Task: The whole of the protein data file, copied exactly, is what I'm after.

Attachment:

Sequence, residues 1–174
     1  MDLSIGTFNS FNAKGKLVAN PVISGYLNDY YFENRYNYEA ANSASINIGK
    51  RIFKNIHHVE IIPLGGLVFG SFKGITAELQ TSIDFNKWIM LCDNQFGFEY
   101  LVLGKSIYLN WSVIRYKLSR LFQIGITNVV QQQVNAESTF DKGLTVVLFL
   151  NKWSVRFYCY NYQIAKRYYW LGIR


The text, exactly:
Sequence, residues 1–174
     1  MDLSIGTFNS FNAKGKLVAN PVISGYLNDY YFENRYNYEA ANSASINIGK
    51  RIFKNIHHVE IIPLGGLVFG SFKGITAELQ TSIDFNKWIM LCDNQFGFEY
   101  LVLGKSIYLN WSVIRYKLSR LFQIGITNVV QQQVNAESTF DKGLTVVLFL
   151  NKWSVRFYCY NYQIAKRYYW LGIR